Norway's unrivaled depth in cross-country skiing is causing the team some problems ahead of the Sochi Olympics.
With a handful of medal contenders in nearly every cross-country event, the Norwegian team selectors face the prospect of having to drop either a double Olympic champion or a former world champion from the men's individual sprint race.
Each team can enter four skiers, and Norway's coaches have already promised spots to three athletes based on their previous results this season. The fourth was set to go to Petter Northug, the team's big star who has struggled with illness this season but sees the sprint race as his best chance at a gold medal.
But then former sprint world champion Ola Vigen Hattestad suddenly found a return to form by winning the last World Cup race before Sochi in Italy last weekend -- his first individual victory since 2011 -- to make a strong claim for the fourth spot.
Now, less than a week before the Olympics start, the selection dilemma is threatening to disrupt the team's preparations.
"It was stupid to put me up against Petter," Hattestad told Norwegian media after his victory. "I was angry when I found out they had selected three beforehand. They've put themselves in a very difficult situation."
On the women's side, the skier who is second in the overall World Cup standings -- Astrid Uhrenholdt Jacobsen -- has already been dropped from the opening skiathlon event on Saturday. The women's team is even more stacked than the men's, with Norwegians occupying the top four spots in the overall World Cup standings.
And in Norway, where cross-country skiing is a national sport and a must-see event at the Olympics, these are the types of decisions that create front-page headlines and fierce social media debates.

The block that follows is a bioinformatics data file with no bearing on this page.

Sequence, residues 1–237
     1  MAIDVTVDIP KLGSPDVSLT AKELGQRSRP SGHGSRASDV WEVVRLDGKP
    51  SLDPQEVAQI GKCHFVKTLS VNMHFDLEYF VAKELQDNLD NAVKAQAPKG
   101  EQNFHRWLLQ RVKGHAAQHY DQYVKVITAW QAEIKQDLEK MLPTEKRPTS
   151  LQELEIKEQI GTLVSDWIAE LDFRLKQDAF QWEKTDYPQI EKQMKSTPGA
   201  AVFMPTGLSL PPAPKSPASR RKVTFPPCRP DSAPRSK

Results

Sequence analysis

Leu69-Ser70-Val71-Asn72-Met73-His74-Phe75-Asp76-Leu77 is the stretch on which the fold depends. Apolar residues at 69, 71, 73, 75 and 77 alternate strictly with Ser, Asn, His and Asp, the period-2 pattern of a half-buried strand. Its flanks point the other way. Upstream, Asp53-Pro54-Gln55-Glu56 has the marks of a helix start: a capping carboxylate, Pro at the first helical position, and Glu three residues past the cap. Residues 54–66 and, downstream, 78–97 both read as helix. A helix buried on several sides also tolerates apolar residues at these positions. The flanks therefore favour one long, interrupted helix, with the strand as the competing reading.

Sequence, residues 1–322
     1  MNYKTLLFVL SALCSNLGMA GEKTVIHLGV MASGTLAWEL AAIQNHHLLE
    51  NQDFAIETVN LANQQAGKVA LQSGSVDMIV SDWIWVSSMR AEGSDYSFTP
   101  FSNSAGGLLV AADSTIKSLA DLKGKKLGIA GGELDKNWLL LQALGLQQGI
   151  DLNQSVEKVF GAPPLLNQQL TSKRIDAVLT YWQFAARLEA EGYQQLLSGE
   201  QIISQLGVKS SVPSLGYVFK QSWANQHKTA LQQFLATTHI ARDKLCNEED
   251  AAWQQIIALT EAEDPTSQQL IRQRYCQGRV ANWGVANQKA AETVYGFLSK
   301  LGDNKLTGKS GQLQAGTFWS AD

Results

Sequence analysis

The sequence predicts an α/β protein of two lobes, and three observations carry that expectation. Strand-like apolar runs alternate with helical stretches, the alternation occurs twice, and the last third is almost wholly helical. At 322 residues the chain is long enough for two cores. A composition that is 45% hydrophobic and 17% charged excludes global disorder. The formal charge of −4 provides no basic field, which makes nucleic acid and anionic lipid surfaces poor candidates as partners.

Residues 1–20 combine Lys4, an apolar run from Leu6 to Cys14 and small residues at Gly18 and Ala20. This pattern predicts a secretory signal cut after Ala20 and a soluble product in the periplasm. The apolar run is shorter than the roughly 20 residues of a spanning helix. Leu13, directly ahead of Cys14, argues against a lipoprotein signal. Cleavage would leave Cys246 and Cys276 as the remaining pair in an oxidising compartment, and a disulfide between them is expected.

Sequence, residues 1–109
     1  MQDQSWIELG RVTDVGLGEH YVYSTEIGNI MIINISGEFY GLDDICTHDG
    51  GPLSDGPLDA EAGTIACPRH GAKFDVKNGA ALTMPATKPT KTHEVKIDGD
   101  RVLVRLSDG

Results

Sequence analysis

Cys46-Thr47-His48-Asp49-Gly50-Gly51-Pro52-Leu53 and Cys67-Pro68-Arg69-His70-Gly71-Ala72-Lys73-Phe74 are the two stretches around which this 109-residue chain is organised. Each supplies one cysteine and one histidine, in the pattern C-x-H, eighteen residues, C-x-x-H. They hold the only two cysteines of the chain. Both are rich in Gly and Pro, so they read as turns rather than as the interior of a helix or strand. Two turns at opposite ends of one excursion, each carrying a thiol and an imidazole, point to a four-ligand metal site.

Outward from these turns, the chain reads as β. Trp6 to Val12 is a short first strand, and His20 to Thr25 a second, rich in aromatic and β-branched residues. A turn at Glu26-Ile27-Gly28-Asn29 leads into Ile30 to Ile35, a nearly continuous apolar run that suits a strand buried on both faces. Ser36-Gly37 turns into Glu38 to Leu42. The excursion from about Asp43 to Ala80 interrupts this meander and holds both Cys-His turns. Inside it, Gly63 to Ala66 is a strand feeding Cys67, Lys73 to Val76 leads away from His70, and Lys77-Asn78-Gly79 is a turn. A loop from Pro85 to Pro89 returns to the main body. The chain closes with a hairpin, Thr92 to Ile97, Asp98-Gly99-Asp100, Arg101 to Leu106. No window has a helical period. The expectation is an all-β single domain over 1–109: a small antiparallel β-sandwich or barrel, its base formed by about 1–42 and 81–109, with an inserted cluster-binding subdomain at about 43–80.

Dropping Northug from the Feb. 11 sprint would be the most controversial decision. Northug teamed with Oystein Pettersen to win the two-man team sprint in Vancouver four years ago, and also won the individual sprint at last year's World Cup test event in Sochi on the same course used for the Olympics.
At 1.8 kilometers, the Sochi course is considerably longer than most World Cup sprints and is more likely to suit skiers like Northug who also compete in the distance races, rather than the pure sprint specialists like Hattestad.
Northug is also the most outspoken and brash member of the squad, and having him in an unhappy mood entering Sochi could potentially affect the entire team. And for Northug, being dropped isn't an option.
"I know I'm competing in the sprint, and I'm preparing for that," he said after the World Cup weekend in Toblach, Italy.
The three skiers who have been promised a spot are Eirik Brandsdal, Anders Gloeersen and Finn Haagen Krogh, neither one of which have won a major title before.
And now the team coaches have opened the door to revoking one of their spots and entering both Northug and Hattestad.
"We will do a new evaluation of the team selection," team director Vidar Loefshus told Norwegian newspaper Verdens Gang, adding that the final decision may not be made until after the opening weekend. "There are no absolutes in Norwegian cross-country skiing. They all have to learn to live with that."